The Part Borne by the Dutch in the Discovery of Australia 1606-1765 eBook

This eBook from the Gutenberg Project consists of approximately 213 pages of information about The Part Borne by the Dutch in the Discovery of Australia 1606-1765.

On Thursday the 12th do.  The wind E.S.E. as before...At noon we were in Lat. 10 deg. 2’, so that I find we are farther to southward as would accord with our estimation and our courses kept, on which account I believe the current must have driven us a good deal to S.S.E..  In the afternoon the sky was overcast, the wind E.S.E. and S.E. by E. with a light breeze; we sailed to S. by W. with our mainsails set.  Towards the evening the water became all of a sudden very smooth and of a pale colour; after sunset we cast the lead in 40 fathom good anchoring ground, fine sand, but could see no land:  we took in our foresail and sailed in the night with the mainsail only to avoid press of sail.  We estimated ourselves to have sailed about 12 miles on a general S.W. by S. course during the last 24 hours.  In the night the wind was E. by S., E.S.E. and S.E. by E. with fine, lovely, clear weather and a top-gallant gale; throughout the night our average course was S., we cast the lead now and then in 42, 39, 38, 36 and 25 fathom good anchoring-ground.

On Friday the 13th do., the wind was nearly S.E., with a top-gallant gale and smooth water; course S.S.W. and S. by W.; the water was very pale in colour, but we could see no land; the weather was lovely and clear; at noon we found ourselves to be in 10 deg. 50’ S.L.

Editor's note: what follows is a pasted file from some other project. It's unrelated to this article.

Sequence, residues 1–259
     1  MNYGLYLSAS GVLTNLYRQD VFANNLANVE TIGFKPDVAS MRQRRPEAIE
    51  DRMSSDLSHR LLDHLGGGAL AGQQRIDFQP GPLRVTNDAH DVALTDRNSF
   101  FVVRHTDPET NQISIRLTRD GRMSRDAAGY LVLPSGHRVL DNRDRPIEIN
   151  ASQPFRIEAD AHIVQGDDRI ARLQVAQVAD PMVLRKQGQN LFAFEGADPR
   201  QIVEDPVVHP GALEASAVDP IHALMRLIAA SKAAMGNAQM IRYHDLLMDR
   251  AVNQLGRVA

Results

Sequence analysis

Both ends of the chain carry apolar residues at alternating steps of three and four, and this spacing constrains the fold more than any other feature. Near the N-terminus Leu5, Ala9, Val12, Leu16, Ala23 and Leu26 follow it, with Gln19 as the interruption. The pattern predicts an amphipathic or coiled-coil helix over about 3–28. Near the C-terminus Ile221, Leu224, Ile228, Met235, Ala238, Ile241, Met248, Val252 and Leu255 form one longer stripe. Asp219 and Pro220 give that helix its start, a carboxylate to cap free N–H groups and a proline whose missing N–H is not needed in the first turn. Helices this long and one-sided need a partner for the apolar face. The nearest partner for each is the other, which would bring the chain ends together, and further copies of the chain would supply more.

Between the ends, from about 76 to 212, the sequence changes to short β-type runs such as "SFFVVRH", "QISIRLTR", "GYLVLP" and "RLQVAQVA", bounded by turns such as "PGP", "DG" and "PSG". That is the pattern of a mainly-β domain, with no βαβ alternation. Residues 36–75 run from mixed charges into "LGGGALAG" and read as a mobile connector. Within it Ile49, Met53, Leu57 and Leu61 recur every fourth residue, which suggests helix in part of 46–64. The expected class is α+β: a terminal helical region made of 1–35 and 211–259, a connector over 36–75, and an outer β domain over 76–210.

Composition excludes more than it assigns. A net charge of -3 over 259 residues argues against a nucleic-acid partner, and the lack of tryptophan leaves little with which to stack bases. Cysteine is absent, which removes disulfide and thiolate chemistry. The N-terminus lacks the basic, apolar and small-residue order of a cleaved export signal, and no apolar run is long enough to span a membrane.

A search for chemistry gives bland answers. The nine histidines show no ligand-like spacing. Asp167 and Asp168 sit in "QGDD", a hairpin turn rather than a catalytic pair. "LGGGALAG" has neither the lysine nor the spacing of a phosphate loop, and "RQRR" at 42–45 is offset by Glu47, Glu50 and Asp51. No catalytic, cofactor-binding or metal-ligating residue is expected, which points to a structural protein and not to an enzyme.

Shortly after noon we cast the lead in 32 fathom good anchoring-ground; at four glasses in the afternoon we saw the land S.E. by S. of us, at about 6 miles’ distance from us it was a low-lying coast with small hills; about 6 miles farther to westward we also saw land, not connected with the first land, but upwards of three miles distant from the same.

Towards the evening it fell a calm; at sunset there was a faint breeze from the S.S.E.; we made out the extremity of the land to be at about 3 miles’ distance S.E. by S. of us; we were still in 32 fathom good anchoring-ground; we accordingly went over to eastward, but when shortly before the setting of the watch, the wind went down still more and began to turn to the N.W., we dropped anchor in 29 fathom good anchoring-ground.

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On Saturday the 14th do. the current began to set to the S.E. in the morning, and the wind to blow hard from the E.S.E., so that we could not carry mainsails then; we weighed anchor and set sail on a South and South-by-east course.  The water gradually shallowed, and seeing that we could not make the easternmost land, we ran to the westernmost, where we came to anchor at about a musket-shot’s distance from the land in 10 fathom good anchoring-ground.  Close along the shore the land is somewhat rock and reefy here; this land extends here about 3 miles S.E. by S. and N.W. by N., both slightly more to South and North.  In the afternoon we sent out our small boat to take soundings close inshore; on returning the men reported that until they came to the reefs they had found no less than 31/2 fathom good anchoring-ground. 

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The Part Borne by the Dutch in the Discovery of Australia 1606-1765 from Project Gutenberg. Public domain.
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